MY GRANDMA, A HEROINE ?

Documentary directed by Tatiana de Perlinghi, produced by MiB * Made in Brussels.
2003

The director's grandmother, Siou Ling, who emigrated from China to Belgium, could save many people during World War II, thanks to the contacts she had into the occupation army.

Siou Ling, the real grandmother of Tatiana de Perlinghi came to Belgium to study chemistry.
During World War II she contributed, at the risk of her life, to save resistance fighters.
In 2002 Chinese television rediscovered this heroine, a woman and a Chinese.
They began the production and filming in Belgium of a long melodramatic saga, telling Siou Ling's romanticized story.
The historical truth is flouted without the slightest scruple and the character of Siou Ling is opportunistically manipulated in the ideological interest of a China which urgently needs to rebuild its image of respectability, particularly with regard to women.
Tatiana de Perlinghi comes to the rescue of her grandmother and tries, through this sensitive and ironic portrait, to re-establish the truth and honour of Siou Ling.


The synopsis hereunder has been translated from French to English from an article in Cinergie, published on 1st of February 2004.
https://www.cinergie.be/actualites/ma-grand-mere-une-heroine-de-tatiana-de-perlinghi

Beyond manipulation
The question mark at the end of the title reflects the astonishment of a young woman.
Tatiana learns, stunned, that Chinese television has decided to seize her grandmother's life to use it as an argument for a big show TV series to be broadcast in prime time on the national channel.
Coming from Shanghaï in 1928 to study, Siou-Ling married a young Belgian doctor, and stayed to live in the Ardennes.
During the Second World War, the young woman, whose Chinese family had known the German military administrator Von Falkenhausen well, obtained the pardon of more than a hundred young Belgians, resistance fighters or hostages, sentenced to death.
Tatiana, of course, knows this story, which is part of the family's past, but why did Chinese television decide to stage it with such pomp and circumstance?
Why do they want at all costs to transform her grandmother into a national icon, the embodiment of the virtues of the Chinese woman?
Why now? What will remain of her true story, diluted in the romance?
Reflecting on all this, Tatiana realises that she knows very little about the young woman who was her grandmother.
As a child, she used to call her "the great empress" because she was so impressed by her and today, at the age of 90, she feels so fragile that she feels the urge to go and meet her.
Armed with her camera, the filmmaker sets off in search of "her chinitude", as she says.
With the help of archive documents and testimonies, she tells the true story of her grandmother.
She goes to the set of the Chinese TV film where she observes, questions.
It soon becomes clear that the scenario told there with melodramatic hands-on effects is far removed from reality.
She then leaves for China to attend the launch of the saga.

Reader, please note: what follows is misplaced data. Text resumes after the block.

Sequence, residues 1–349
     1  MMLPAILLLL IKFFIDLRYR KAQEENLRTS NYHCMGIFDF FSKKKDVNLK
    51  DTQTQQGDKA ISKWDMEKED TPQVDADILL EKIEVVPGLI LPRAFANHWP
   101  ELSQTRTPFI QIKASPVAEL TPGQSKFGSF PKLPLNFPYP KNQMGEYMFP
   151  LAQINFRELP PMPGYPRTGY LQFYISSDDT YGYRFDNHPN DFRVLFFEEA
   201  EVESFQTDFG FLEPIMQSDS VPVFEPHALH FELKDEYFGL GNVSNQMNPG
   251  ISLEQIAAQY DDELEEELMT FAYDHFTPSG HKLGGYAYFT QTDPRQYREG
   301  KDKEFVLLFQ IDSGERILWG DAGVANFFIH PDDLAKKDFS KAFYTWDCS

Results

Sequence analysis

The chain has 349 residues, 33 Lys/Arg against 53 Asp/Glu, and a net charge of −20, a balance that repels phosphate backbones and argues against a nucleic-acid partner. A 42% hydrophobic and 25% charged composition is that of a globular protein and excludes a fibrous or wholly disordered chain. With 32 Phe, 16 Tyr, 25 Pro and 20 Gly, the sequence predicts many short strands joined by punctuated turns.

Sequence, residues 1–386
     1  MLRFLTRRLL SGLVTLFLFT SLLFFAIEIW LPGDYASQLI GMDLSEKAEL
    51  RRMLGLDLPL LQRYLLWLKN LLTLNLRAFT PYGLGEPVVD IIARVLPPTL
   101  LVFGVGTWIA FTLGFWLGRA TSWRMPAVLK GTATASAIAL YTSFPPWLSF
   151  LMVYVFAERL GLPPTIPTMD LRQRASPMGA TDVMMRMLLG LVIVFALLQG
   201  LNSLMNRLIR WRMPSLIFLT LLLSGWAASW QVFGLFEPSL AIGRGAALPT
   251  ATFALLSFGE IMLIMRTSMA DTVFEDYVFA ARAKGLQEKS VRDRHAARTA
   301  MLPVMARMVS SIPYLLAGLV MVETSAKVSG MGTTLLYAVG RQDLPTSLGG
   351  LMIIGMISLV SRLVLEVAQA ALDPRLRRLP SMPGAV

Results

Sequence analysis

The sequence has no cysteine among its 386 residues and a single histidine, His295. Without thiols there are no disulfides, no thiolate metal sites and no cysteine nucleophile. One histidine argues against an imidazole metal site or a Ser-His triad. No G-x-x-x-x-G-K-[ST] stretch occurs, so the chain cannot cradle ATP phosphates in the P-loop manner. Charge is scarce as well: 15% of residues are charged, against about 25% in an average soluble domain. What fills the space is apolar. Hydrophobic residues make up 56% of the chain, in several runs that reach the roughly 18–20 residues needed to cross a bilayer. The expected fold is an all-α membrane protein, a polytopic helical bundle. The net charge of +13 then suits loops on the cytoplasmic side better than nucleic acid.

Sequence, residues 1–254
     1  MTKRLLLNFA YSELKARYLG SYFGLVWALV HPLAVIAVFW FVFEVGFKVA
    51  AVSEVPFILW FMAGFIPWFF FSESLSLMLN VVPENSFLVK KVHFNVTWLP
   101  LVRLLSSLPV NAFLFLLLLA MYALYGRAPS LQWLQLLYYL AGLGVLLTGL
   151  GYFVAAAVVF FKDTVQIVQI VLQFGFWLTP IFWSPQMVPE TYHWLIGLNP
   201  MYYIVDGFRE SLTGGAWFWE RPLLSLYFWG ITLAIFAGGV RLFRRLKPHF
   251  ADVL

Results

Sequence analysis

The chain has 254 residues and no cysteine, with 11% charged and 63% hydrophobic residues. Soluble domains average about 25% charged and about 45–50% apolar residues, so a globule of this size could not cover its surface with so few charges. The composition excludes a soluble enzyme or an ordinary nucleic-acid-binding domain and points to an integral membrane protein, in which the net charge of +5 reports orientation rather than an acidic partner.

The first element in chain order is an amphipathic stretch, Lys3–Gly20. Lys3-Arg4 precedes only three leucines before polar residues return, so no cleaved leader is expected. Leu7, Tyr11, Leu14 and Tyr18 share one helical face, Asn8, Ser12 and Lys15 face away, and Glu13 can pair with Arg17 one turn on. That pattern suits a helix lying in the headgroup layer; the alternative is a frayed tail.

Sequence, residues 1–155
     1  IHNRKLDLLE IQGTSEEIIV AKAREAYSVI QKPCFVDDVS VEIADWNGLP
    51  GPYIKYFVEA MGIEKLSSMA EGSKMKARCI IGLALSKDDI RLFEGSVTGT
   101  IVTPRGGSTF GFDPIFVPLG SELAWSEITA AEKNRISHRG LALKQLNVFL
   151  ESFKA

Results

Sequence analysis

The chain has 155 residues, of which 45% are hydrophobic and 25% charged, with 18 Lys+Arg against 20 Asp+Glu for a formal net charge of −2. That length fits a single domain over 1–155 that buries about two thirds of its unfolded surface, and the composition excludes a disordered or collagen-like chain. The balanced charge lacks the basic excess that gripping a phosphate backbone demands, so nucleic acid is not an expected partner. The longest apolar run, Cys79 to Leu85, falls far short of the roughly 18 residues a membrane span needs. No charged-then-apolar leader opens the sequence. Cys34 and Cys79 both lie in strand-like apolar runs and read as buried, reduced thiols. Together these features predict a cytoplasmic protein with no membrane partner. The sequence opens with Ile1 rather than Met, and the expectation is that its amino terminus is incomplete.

She plunges us into the midst of the media hype that (there as here) surrounds such an event.
On the day of the broadcast, she goes to bars and restaurants to film the reaction of the viewers.
In Shanghai, she meets her grandmother's family who stayed behind, with whom she also watches the broadcast of the soap opera and records their reactions.
She goes out of the cities and goes to the countryside or along the Great Wall in search of the true soul of China to try to explain things.
On her return, she finds Siou -Ling, who takes all this with a zest of fatalism, even indifference, as if this manipulation did not concern her: 
"They took this story. They have the right to do what they want with it. »
Under the cover of the family documentary, Perlinghi's Tatania tackles very contemporary issues with a candid eye.
How and why is a myth made, what is the nature of what separates this myth from the truth?
At the same time, these questions are never tackled directly, but always through the reactions of the filmmaker or those close to her, with a kind of complicit family intimacy.
Ontological concerns therefore never eclipse "Home Movie".
Through her relationship with her family and particularly her complicity with her grandmother (the way she films the old lady recounting her youth with great liveliness and humour, or that beautiful scene where Siou-Ling looks at old family photos in the company of Tatiana and her sister), the filmmaker sets out to meet her Chinese roots.
The film constantly moves from social questioning to family intimacy, without distinction, and has its own way of leaving the questions it asks open (Chinese, did you say Chinese?..).
The important thing is not there.
It is in this apprehension of the general at the departure of the particular (that's how one builds up one's stock of experiences, isn't it?). 
It is also in these beautiful moments of complicity, life, intimacy that the filmmaker offers us, these images of a love that also contain their share of the universal.